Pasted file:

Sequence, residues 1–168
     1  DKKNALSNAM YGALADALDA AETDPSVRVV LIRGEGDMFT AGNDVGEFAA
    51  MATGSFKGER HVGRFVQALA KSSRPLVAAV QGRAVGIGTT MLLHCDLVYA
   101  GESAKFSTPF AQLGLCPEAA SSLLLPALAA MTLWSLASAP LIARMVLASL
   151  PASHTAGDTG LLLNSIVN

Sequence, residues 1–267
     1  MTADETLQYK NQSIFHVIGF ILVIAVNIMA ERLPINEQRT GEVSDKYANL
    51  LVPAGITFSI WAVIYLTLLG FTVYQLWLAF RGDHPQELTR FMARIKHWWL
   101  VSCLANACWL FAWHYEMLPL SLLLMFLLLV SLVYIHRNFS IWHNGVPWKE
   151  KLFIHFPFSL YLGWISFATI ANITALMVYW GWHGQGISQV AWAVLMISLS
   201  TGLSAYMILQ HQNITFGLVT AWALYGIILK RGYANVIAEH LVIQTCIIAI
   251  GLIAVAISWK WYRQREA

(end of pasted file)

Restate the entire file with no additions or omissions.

Sequence, residues 1–168
     1  DKKNALSNAM YGALADALDA AETDPSVRVV LIRGEGDMFT AGNDVGEFAA
    51  MATGSFKGER HVGRFVQALA KSSRPLVAAV QGRAVGIGTT MLLHCDLVYA
   101  GESAKFSTPF AQLGLCPEAA SSLLLPALAA MTLWSLASAP LIARMVLASL
   151  PASHTAGDTG LLLNSIVN

Sequence, residues 1–267
     1  MTADETLQYK NQSIFHVIGF ILVIAVNIMA ERLPINEQRT GEVSDKYANL
    51  LVPAGITFSI WAVIYLTLLG FTVYQLWLAF RGDHPQELTR FMARIKHWWL
   101  VSCLANACWL FAWHYEMLPL SLLLMFLLLV SLVYIHRNFS IWHNGVPWKE
   151  KLFIHFPFSL YLGWISFATI ANITALMVYW GWHGQGISQV AWAVLMISLS
   201  TGLSAYMILQ HQNITFGLVT AWALYGIILK RGYANVIAEH LVIQTCIIAI
   251  GLIAVAISWK WYRQREA